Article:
What a lovely film Words & Pictures is. Clive Owen plays an arrogant literature teacher and Juliette Binoche is his equally arrogant art-teaching rival. Their inevitable romance is more sarcastic than sweet and the personal demons of the two teachers threaten to make their mock “war” real. The best parts of the film are the literary quotes (by everyone from Shakespeare and John Updike to Ian McEwan and Jeanette Winterson) and various forms of art (from paintings and charcoal drawings to cartoons and cyber art) that are woven into the story. It’s an enjoyable, artsy, indie rom-com.
Will Forte garnered critical claim for his performance in Nebraska, but the SNL’s dramatic debut in the lesser known film Run & Jump was just as noteworthy.
Based on a true story, the poignant Irish indie dramedy depicts an uptight neuro-psychologist (Forte) who moves in with a boisterous Irish family while conducting a case study on their formerly comatose patriarch.
A Case of You is an indie romantic comedy starring Justin Long and Rachel Evan Wood with some hilarious cameos by Sam Rockwell, Peter Dinklage and Vince Vaughn. I had mixed but mostly very positive feelings about this odd little film.
Justin Long stars as a struggling writer who basically stalks and seduces Rachel Evan Wood’s not-so-manic pixie girl barista through social media. He pretends to be the man of her dreams based on interests listed in her Facebook profile.
Thankfully the film’s direction, script and acting is so strong and interesting you quickly get caught up in the somewhat creepy romantic comedy premise. And Long’s character does redeem himself by the end – after a cleverly self-aware scene with his editor.
The romantic plot aside, the film is worth watching for two very hilarious scenes: one in which Sam Rockwell portrays a has been guitar teacher and the scene-stealing elderly dancer “Raymond” in the film’s finale.
The Man on the Train is a quietly remarkable, intelligent, intensely poetic film about the unlikely and somewhat bittersweet friendship between two very different men.
A remake of the French film, L’Homme du Train, The Man on the Train stars U2’s Larry Mullen and the brilliant Donald Sutherland — the latter of which really deserved an Oscar for his performance.
Mullen effectively portrays a mysterious, sullen drifter whose chance encounter with a retired, lonely poetry professor (Sutherland) leads both men to examine their respective life paths and personalities.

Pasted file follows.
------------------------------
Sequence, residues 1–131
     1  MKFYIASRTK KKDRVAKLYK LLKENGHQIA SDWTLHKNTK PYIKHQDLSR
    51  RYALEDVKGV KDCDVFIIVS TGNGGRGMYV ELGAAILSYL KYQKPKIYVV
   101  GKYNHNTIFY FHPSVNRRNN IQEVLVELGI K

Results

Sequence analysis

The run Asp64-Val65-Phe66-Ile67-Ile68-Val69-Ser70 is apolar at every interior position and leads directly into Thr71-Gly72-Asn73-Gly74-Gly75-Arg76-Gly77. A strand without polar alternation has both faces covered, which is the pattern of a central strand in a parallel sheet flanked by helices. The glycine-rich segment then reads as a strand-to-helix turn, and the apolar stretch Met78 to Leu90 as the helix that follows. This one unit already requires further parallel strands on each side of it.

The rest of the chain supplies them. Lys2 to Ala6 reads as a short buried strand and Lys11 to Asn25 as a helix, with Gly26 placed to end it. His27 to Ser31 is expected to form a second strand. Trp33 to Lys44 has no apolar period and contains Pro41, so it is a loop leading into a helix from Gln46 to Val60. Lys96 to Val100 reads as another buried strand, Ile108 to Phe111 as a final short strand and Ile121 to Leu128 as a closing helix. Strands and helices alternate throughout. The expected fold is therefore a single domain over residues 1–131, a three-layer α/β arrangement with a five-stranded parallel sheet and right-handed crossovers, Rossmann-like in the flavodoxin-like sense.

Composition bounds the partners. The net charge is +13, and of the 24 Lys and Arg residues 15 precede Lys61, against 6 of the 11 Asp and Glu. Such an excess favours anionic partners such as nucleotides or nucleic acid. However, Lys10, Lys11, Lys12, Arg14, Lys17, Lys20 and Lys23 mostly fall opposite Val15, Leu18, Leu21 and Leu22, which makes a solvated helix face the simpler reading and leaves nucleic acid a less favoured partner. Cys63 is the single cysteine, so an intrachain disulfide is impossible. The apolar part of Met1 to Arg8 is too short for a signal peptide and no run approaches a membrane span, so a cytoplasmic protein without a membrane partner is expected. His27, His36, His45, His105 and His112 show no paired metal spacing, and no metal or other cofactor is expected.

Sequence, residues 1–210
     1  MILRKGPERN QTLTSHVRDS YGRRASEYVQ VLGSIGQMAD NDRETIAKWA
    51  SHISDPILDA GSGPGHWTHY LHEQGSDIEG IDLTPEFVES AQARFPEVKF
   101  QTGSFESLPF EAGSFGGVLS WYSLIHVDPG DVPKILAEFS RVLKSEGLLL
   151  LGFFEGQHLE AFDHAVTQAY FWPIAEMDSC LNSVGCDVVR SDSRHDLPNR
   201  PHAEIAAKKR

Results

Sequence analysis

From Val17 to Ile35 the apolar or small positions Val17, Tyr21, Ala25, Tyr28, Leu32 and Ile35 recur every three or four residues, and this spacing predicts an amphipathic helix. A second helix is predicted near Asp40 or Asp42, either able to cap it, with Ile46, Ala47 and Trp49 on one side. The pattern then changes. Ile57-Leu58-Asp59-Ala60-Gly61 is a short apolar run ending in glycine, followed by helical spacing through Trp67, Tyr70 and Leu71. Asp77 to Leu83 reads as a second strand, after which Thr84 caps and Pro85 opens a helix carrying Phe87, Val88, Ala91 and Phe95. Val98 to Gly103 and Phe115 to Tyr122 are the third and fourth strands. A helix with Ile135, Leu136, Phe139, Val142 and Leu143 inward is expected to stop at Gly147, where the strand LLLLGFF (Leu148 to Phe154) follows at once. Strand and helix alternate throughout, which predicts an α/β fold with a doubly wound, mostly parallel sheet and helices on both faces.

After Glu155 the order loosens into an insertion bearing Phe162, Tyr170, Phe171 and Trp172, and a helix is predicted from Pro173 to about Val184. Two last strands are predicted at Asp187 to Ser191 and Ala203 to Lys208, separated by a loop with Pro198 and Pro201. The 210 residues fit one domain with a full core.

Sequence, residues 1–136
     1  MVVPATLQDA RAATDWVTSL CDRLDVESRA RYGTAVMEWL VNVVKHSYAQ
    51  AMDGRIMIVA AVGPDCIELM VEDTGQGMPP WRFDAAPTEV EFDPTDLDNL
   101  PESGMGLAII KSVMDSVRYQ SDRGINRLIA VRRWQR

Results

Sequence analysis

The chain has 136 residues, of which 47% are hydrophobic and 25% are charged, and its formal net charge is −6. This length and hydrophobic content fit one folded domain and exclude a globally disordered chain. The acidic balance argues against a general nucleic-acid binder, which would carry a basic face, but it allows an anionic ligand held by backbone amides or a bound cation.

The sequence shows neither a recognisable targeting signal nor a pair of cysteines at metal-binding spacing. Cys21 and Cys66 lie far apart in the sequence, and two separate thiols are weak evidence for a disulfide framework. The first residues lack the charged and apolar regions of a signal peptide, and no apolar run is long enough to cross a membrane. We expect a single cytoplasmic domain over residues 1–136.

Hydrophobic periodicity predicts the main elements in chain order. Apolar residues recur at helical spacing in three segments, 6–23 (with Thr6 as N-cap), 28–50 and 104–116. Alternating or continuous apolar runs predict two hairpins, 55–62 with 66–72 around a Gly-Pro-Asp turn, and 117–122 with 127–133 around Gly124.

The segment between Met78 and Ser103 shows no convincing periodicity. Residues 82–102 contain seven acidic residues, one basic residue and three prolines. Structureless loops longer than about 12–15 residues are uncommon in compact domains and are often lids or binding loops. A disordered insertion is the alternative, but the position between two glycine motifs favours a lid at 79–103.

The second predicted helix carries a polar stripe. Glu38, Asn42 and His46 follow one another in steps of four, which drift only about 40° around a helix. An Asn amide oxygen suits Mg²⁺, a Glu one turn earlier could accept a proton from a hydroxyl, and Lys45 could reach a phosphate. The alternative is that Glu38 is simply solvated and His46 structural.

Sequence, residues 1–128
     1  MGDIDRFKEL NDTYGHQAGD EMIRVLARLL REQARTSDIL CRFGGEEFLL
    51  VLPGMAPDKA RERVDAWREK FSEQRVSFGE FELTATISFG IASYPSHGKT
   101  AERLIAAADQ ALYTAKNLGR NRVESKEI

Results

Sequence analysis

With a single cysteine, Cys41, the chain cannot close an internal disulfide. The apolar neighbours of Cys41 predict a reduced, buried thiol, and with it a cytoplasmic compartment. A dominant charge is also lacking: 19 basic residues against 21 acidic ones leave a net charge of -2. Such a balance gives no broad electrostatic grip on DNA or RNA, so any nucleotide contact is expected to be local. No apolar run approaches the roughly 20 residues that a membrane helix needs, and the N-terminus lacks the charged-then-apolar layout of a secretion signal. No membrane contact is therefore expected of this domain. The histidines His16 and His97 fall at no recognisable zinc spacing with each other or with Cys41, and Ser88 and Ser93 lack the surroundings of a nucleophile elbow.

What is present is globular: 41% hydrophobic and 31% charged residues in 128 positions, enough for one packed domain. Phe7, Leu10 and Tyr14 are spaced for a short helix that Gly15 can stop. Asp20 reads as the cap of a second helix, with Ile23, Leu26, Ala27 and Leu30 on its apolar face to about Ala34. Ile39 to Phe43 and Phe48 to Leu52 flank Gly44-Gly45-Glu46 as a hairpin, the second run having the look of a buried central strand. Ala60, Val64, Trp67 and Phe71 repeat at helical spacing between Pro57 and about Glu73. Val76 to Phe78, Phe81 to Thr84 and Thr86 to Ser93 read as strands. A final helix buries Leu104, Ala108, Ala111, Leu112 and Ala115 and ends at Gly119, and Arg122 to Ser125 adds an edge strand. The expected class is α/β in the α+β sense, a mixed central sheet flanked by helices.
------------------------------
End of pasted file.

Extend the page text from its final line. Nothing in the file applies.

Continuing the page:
As the silent drifter is forced to stay with the overly chatty professor, their initially stilted, socially awkward conversation grows into a thought-provoking dialogue spanning several days as each reveals their unexpected envy of the other’s life.
The unusual relationship is summed up best by two scenes: one in which the repressed professor pretends to be Wyatt Earp with the drifter’s gun and the other in which the tough drifter peruses books and listens to classical music with the professor’s unlit pipe in his mouth.
It’s a slow moving but beautiful, literary film with refreshingly elegant direction and acting.
A subtle suspense simmers just beneath the surface of the story as it becomes evident that both men hide their own deep, dark secrets…which come crashing into the light on their final day together. The end was a bit too darkly ambiguous for my taste (proving, I suppose, the Professor’s Henry James quote that “Americans want tragedies with happy endings”), but it was clever and I otherwise loved the film.
It’s hard to believe Peter Gabriel’s landmark album, So, is 25 years old. So is the rare ’80s album that sounds as if it could be a new release. In fact, it wasn’t until I listened to the new 25th Anniversary Edition that I realized just how much of Peter Gabriel’s influence can be heard in the moody music of bands like Gotye and Fun. as well as the worldlier sound of Xavier Rudd. Peter Gabriel’s remastered and expanded So – 25th Anniversary Edition will be released in several formats (see below for details) on October 23rd.
So opens with the brooding, dramatic “Red Rain.”
The hit single “Sledgehammer” follows. It remains an unusually constructed pop song and the quasi-Gospel crescendo of voices at the end still feels like a surprise.
Yet it’s the quiet, heart-stirring ballad “Don’t Give Up” that remains my favorite. A duet with guest vocalist Kate Bush, the song is a moving examination of someone at the end of their rope and an emotional plea for them to hold on to hope.
Strange as it may be, “Big Time” was one of the first songs whose lyrics I memorized (the first was Starship’s “We Built This City,” yes I was an ’80s child). The catchy pop song enjoyed similar success to “Sledgehammer,” most likely due to its similarly semi-animated video.
The album’s final ballad, “In Your Eyes,” may forever be remembered for its use in Say Anything‘s iconic boombox scene, but it’s still a beautiful love song in its own right.
So – 25th Anniversary Edition will be released as a stand alone remastered CD, a deluxe edition 3-disc boxset with 2 additional live discs, and a limited edition “Immersion” boxset with all of the above as well as an extra CD of song drafts, a vinyl LP of the album and 2 DVDs.
I received the 3-disc boxset version (pictured above) of the So – 25th Anniversary edition for review. The 3-CD boxset includes the original album and liner notes, postcard pictures of Gabriel from the era and a two-disc live album from the final So tour concert in Athens in 1987. The live discs include such other Peter Gabriel hits as “Shock the Monkey” and “Solsbury Hill.” I’m not usually fond of live albums, but the sound quality of the concert recording is remarkable and confirms Gabriel puts on a great show.